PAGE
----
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In Support of the Light Rail Proposal

November 05, 1989

Why is Susan Brown so vehemently opposed to the proposed Santa Monica light rail line? (Westside Letters, Oct. 15).

If her concern is about noise, this line, run below ground and covered by a park for the one mile between the Santa Monica Freeway and Sepulveda Boulevard, would be neither seen nor heard by its neighbors.

If her concern is really about solving traffic congestion, the Santa Monica light rail line, using the only remaining ground-level right of way to the Westside, is the most cost-effective alternative to the intolerably congested Santa Monica Freeway. Residents of Santa Monica, West Los Angeles, Palms, Century City, Crenshaw and many coming from the Eastside of Los Angeles to the Westside, will be easily able to get to downtown Los Angeles, USC, Exposition Park, Culver City, Century City, UCLA, West Los Angeles and Santa Monica.

Ms. Brown's "experts" argue that rail is "not effective" in our "decentralized and scattered" city, and that buses are more effective. But what is more effective, a fleet of diesel buses stuck in traffic, or electric light rail on its own uncongested right of way serving this densely traveled corridor?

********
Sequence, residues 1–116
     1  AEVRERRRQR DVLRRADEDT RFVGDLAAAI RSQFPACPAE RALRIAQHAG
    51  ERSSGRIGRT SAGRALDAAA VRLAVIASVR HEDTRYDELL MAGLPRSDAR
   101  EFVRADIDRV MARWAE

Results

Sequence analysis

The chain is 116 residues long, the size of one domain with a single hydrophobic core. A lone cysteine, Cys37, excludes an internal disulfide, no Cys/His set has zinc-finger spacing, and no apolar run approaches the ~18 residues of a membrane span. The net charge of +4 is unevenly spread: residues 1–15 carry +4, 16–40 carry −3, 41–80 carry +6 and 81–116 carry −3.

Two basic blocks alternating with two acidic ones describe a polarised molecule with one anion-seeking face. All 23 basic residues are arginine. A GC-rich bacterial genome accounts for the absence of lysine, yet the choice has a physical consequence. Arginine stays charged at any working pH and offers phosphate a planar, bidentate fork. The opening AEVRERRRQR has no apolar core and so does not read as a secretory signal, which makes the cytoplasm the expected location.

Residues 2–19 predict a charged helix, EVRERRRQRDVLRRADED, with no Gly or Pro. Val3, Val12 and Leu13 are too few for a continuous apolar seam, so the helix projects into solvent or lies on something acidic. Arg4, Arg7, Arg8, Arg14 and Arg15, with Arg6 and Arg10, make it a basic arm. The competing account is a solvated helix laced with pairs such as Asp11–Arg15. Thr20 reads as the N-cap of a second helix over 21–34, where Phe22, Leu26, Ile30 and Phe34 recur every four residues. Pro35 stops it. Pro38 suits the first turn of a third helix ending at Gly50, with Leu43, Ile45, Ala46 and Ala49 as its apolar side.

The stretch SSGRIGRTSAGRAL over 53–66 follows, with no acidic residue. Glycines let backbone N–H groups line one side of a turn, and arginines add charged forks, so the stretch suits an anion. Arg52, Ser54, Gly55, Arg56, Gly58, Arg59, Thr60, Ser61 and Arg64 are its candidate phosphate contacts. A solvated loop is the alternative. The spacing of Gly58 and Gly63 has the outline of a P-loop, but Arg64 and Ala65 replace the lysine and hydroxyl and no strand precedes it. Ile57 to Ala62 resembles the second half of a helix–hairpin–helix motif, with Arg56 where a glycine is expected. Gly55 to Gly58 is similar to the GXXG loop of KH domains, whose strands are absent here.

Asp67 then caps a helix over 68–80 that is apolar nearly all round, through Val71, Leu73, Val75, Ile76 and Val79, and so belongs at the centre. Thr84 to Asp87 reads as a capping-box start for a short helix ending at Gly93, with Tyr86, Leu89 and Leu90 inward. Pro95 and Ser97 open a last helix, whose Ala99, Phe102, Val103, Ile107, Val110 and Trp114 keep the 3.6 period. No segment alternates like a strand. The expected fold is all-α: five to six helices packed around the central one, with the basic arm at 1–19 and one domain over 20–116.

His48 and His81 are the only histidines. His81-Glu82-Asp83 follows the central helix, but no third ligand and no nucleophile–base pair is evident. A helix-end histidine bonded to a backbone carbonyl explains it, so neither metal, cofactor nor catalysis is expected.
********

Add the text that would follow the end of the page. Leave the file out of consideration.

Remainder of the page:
Are there any other good alternatives? No. The Wilshire subway is too expensive to be built any decade soon. Double-decked freeways are even more expensive, ugly and, now, an unacceptable earthquake risk. Compulsory car-pooling and requiring employees to pay for parking, the other favorites of Ms. Brown's "experts" who she chooses not to mention, may make economic sense but would be about as popular as the 1970s' infamous Diamond Lane.

When people in Los Angeles finally become familiar with riding light rail after the Long Beach line opens next year, I expect a groundswell of support for this and other lines. It is vital that this one remaining Westside route not be lost in the interim.


Santa Monica

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